Q&A: How would a Trump-Boris Trade deal affect UK Drug Prices?

Eugenia Marna interviewed Dr Andrew Hill, Liverpool University, on how a US-UK post-Brexit trade deal could affect UK drug prices.

Dr Hill recently featured in Dispatches programme Trump's Plan for the NHS (recommended watch - Only 5 days left!)

See the transcript below:

Eugenia: What are your biggest fears for the future of the NHS if we do not stop the Tories?

Dr Hill: If the UK leaves the European Union, it is likely that a new US-UK Trade deal would need to be signed. Judging from previous US trade deals, this could include several conditions which could damage the NHS.

US drug companies could demand higher prices for their drugs. Currently, we have the National Institutes for Clinical and Health Care Excellence who control drug prices - their powers could be greatly diminished. The patents on drugs could be extended, meaning that prices on branded drugs would stay higher for longer.

US companies could also gain the legal right to sue the NHS if their demands were not met. Finally, if we had to change our laws after a US-UK trade deal, companies from other countries could then demand the same privileges, so the prices of all branded drugs could start to rise over time.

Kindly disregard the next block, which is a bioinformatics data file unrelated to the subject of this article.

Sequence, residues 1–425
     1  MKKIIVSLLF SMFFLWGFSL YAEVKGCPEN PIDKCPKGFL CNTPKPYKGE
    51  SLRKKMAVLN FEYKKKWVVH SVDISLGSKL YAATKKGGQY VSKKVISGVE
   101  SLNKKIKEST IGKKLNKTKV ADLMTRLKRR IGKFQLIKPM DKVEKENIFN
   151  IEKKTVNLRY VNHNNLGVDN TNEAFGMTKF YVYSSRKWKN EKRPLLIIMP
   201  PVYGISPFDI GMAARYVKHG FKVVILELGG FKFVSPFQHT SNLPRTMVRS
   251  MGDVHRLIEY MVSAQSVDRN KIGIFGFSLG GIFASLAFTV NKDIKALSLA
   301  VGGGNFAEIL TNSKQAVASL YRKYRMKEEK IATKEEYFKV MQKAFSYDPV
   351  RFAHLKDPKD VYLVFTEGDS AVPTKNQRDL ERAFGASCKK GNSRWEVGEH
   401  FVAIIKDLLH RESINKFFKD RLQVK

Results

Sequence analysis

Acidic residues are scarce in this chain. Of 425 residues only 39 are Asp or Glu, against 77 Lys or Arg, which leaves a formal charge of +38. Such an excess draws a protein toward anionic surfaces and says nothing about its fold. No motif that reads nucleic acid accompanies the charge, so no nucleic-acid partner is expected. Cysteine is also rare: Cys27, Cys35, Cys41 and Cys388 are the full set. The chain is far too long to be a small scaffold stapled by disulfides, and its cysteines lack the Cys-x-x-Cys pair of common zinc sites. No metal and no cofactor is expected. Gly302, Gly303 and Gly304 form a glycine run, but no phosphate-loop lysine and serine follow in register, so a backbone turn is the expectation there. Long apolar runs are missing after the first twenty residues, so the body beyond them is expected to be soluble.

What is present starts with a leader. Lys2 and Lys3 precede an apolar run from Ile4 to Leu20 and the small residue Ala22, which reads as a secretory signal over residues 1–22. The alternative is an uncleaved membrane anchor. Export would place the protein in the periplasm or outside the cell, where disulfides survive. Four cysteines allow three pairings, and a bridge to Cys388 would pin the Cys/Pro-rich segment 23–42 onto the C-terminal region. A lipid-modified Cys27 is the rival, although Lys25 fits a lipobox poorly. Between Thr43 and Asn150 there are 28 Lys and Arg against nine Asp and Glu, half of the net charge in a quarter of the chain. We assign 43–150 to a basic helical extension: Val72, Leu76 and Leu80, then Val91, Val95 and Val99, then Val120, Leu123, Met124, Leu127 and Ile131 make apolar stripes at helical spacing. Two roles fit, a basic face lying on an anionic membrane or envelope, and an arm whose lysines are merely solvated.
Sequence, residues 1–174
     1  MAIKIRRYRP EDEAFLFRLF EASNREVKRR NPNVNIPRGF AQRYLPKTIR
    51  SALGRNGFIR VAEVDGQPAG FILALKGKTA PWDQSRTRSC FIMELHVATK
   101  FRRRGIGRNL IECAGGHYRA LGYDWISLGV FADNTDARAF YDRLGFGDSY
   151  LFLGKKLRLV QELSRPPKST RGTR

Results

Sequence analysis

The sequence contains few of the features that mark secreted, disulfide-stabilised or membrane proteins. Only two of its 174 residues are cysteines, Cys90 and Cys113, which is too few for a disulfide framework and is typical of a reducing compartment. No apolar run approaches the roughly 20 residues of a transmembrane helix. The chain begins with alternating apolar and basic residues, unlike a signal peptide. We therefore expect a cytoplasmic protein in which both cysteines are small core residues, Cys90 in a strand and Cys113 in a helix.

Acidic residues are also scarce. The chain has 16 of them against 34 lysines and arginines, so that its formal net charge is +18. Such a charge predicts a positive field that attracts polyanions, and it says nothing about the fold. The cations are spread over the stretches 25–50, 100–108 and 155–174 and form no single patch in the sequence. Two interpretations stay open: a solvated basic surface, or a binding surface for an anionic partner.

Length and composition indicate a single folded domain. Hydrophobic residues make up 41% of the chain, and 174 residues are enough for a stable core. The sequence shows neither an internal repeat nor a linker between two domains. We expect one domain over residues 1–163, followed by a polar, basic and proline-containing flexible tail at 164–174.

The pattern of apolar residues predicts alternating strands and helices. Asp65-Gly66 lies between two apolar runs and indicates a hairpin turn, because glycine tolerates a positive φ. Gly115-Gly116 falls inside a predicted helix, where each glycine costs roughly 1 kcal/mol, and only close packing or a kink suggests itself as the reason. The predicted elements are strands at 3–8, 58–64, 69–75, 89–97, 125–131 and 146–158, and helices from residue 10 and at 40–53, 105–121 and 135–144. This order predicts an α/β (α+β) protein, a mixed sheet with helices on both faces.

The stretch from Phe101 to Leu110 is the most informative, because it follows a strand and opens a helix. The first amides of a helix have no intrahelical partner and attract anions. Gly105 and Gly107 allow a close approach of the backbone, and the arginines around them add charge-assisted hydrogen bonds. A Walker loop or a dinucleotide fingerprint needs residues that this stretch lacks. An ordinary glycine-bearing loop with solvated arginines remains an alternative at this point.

Eugenia: How much of patient safety and good quality healthcare is a result of the UK being a full member of the EU?

Dr Hill: With the current system of pricing controls in the UK, we enjoy some of the lowest drug prices for the NHS. New trade deals post-Brexit could endanger this. 

We seem to forget how much there is at stake.

Eugenia: What are the truths that you often realise the public needs to understand? 

Dr Hill: US drug companies are already trying to increase drug prices and undermine the power of the NHS to control them. If we look at Cystic Fibrosis, the US drug company Vertex refused to accept a generous pricing agreement from the NHS for four years.

During these four years, community groups have estimated that 270 people died because of no access to the medicines for cystic fibrosis -  many of them children. Also during this time, Vertex destroyed over 7,000 bottles of their medicine, rather than sell it to the NHS at the prices offered. Vertex are charging £240,000 per person per year for their new treatment for Cystic Fibrosis.  This is ten times higher than the older treatments just approved in the UK. This type of example shows the potential for huge escalations in drug prices if we accept the demands of the US pharmaceutical industry.